Soc 151 SOC 151
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This 5 page Study Guide was uploaded by Don Jon on Friday January 22, 2016. The Study Guide belongs to SOC 151 at University of California - Los Angeles taught by Dr. Waldinger in Winter 2016. Since its upload, it has received 119 views. For similar materials see Comparative Immigration in Sociology at University of California - Los Angeles.
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Date Created: 01/22/16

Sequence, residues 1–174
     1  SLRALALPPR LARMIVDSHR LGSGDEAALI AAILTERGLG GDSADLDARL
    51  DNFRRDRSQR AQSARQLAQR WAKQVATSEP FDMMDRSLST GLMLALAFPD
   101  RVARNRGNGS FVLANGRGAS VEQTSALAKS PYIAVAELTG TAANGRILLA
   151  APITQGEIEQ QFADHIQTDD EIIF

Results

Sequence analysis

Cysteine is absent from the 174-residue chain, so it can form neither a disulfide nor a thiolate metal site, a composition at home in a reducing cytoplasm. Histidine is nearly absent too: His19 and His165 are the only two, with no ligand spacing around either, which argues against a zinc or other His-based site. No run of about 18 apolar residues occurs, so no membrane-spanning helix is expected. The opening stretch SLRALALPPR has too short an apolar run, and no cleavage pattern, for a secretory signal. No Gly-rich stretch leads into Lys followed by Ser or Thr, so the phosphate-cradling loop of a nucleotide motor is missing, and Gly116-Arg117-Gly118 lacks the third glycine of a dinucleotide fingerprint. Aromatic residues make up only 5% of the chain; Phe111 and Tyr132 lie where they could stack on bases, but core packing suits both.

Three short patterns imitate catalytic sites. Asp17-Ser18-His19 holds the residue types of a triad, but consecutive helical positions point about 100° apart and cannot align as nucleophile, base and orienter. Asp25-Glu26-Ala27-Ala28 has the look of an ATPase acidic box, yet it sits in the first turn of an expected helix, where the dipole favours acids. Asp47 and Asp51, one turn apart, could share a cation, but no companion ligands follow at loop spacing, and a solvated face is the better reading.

1. What question do FitzGerald and CookMartin seek to explain? They explain how and why policies of overt immigrant selection based on race, ethnicity, and nationality became unpopular and were consequently th dismantled across the region toward the latter half of the 20 century. 2. What is ethnic selection? Negative discrimination against particular groups, such as an outright ban on their entry, lower immigration quotas, or special entry taxes, and positive preferences for particular groups, such as assisted passage, free land, higher immigration quotas, or exemptions from requirements enforced against other groups 3. How might liberalism and racism be related? Racism has been the cultural frame that allowed inferences about people’s morality and capacity for democratic participation from their appearance or cultural practices. o As a temporary anomaly linking two phenomena that are generally incompatible. o As a case of inherently linked ideologies. o As an instance of distinct traditions that happen to coincide in particular contexts. 4. What are the three different dimensions to which they attend? o The temporal dimension o The vertical dimension o The horizontal dimension 5. What is the different between the vertical and the horizontal dimensions of policy making? The vertical dimension of policymaking composed of political struggles within a country: o The pluralist perspective examines how different interest groups struggle to achieve their preferences. o Institutionalism offers a corrective to a reliance on pluralist theories alone by paying attention to how the design of organizations shapes outcomes. Autonomous state interests are particularly relevant in the exercise of foreign policy. Foreign ministries tend to push immigration policies that are attuned to foreign policy objectives, while legislatures are more responsive to domestic demands. The horizontal dimension, composed of struggles between and across countries, over an extended temporal dimension: examines the sources of ethnic preferences, identify factors that reinforced or deviated the paths of immigration policies, identify long term processes of convergence in policy across cases that can then be explained by attention to policy diffusion, and examine how the sequence of policies within a particular country, and across cases, explains why they developed and the prospects for future change. 6. What are the shortcomings of explanations based on class interests? o Racism (based on claims that certain human groups are naturally inferior) o Racialism (which differs from racism in that no claim is made that the groups are hierarchically ordered) o Capitalists are often divided over their ethnic preferences in ways that correspond to an economic logic o Perceptions of who makes a good worker are themselves the product of shifting racial ideologies about the inherent characteristics of particular groups o Business interests in attracting particular groups have often varied depending on whether the immigration is temporary or permanent o Another deficiency in strictly class based accounts of ethnic selection is that they have a difficult time explaining the malleability of classbased preferences over time in the same countries o Business owners follow ideological as well as instrumental economic motivations in selecting employees, and when selecting potential neighbors and fellow citizens, employers have been more likely to follow non economic logics 7. What are the shortcomings of explanations emphasizing racism or discrimination? o Racism is an ideology that individuals can be sorted into hierarchically arranged categories based on their perceived ascriptive characteristics and moral capacities. o “Scientific racism” is a variant of racism arising in the late nineteenth century that attempted to confer academic legitimacy on the idea of a hierarchy of biological groups 8. How and why do international factors influence immigration policymaking? What is the difference between security concerns and “soft power”? And how is that relevant to immigration policymaking? o One of the purposes of immigration and emigration policies is to make a country appear more modern and civilized. Migration policies are dramaturgical acts aimed at national and world audiences. Policies are a way to build a country’s international brand. o Branding is a form of what Joseph Nye calls “soft power,” in which governments seek to expand their prestige through language, images, and symbolically important gestures rather than by deploying the hard power of tanks and aircraft carriers. International prestige is often its own reward for weaker countries, but for a globally interventionist United States, soft power is also a means to achieve greater hard power. o The more states try to increase their soft power abroad, the more they are susceptible to external pressures to change their own policies as a means of gaining legitimacy. 9. When do horizontal conditions matter most? o When policymakers perceived that overt discrimination would carry a high diplomatic price, they created secret policies of restriction or adopted criteria that were ethnically neutral on their face. o emigrants originated from an independent nation state at peace with the country of immigration, and that nation state was either geopolitically powerful or perceived as needed for an alliance against an existential threat o a country of immigration’s foreign policy sought a sustained expansion of diplomatic, military, or commercial power in the region of origin o Multiple countries of emigration worked collectively to protest ethnic discrimination in countries of immigration. o Immigration policy was most affected by foreign policy when governments sought sustained expansion of military, commercial, or diplomatic power in migrant source regions. A qualifier to this pattern is that when bilateral relations turned to open conflict, immigration from enemy countries was cut off. 10. What does Tichenor seek to do in his book? What are the factors which Tichenor highlights? o How to explain the distinctive patterns of immigration control that have prevailed for extended periods of U.S. history o How to account for occasional bursts of major policy change in spite of intense political conflicts that might be expected to produce routine stalemate o How to make sense of the content or direction of immigration policy over time o The capacity of both restrictive and expansive immigration policies to transform the American political landscape. o Consider what immigration policymaking in American political development reveals about how different generations of government officials have interpreted the demands of liberal democracy and political community in the United States. 11. Why, according to Tichenor, do experts exercise influence? o The power of social interests in immigration policy o Social interests o National values or electoral realignments 12. What makes immigration coalitions (“pro” and “anti”) so unstable and so difficult to assemble? The dynamics of U.S. immigration policy have long been influenced by the making and remaking of distinctive political coalitions on this issue that cut across familiar partisan and ideological lines. At least since the late 19th century, this policy domain has divided proimmigration free marketeers and restrictionist cultural exclusionists on the American Right, and proimmigration cosmopolitans and restrictionist economic protectionists on the American Left. As a result, it would be hard to think of an area of U.S. public policy that has engendered more incongruous political alliances in American history. And it is precisely the creation of these unstable yet powerful liberalconservative coalitions over the years has proven crucial to achieving major immigration reform in the United States. Significantly, the relative power of the proimmigration and restrictionist coalitions have shifted over time as new interest groups and political actors have emerged and as older ones have redefined their policy goals. 13. According to Tichenor, what are the sources of stasis in immigration policy making? o Institutional change “punctuated change,” “critical junctures,” “realignments,” “branching points.” o Political fragmentation o The frictions between political structures endowed with incongruous and intersecting logics due to their “nonsimultaneous origins” 14. Tichenor underlines the importance of path dependency as an influence on policy making. What does this concept mean? What examples of path dependency have already been highlighted in the readings and lectures of weeks 3 and 4? o Early conditions and choices send public policy along a distinctive developmental pathway from which it is difficult, though not impossible, to depart in the future. Initial decisions are reinforced over time by engaged agents, interests and institutions that have either invested in or adapted to the track along which policy has traveled. o The steady expansion of European inflows of the end of the 19 th century even after several momentous judicial rulings hastened the naturalization of U.S. immigration policy. At a time of low immigration, plentiful land, and labor scarcity, the nation's early political leaders established easy naturalization for European immigrants while eschewing federal controls over their admission. The rise of massbased parties and universal white male suffrage in the Jacksonian era reinforced broad opportunities for European immigration. The Democratic Party almost from its inception courted immigrant voters by opposing nativist policy goals. Although the Republican Party was sometimes prone to anti immigrant nationalism, it also was attentive to proimmigration constituents and eager to prod national economic development through immigrant labor. Judicial activism of the 1870s ultimately led to limited federal regulation of European admissions, but the vibrant partisan and electoral politics was routinely inhospitable to nativist policy designs throughout the nineteenth century. As a result, national restrictions on European inflows were quite modest for more than a century. 15. Tichenor’s model: o Vertical: institution (structure of American government); coalitions (interest groups); ideas and experts o Horizontal: international crises o Temporal: path dependency (prior events constrain future options) 16. Why do FitzGerald and CookMartin emphasize the vertical over the horizontal dimensions? o The vertical dimension is more consequential in shaping ethnic selection. o In the field of international relations, constructivists point out that the policies of a particular government on the horizontal plane are influenced by the vertical dimension of domestic politics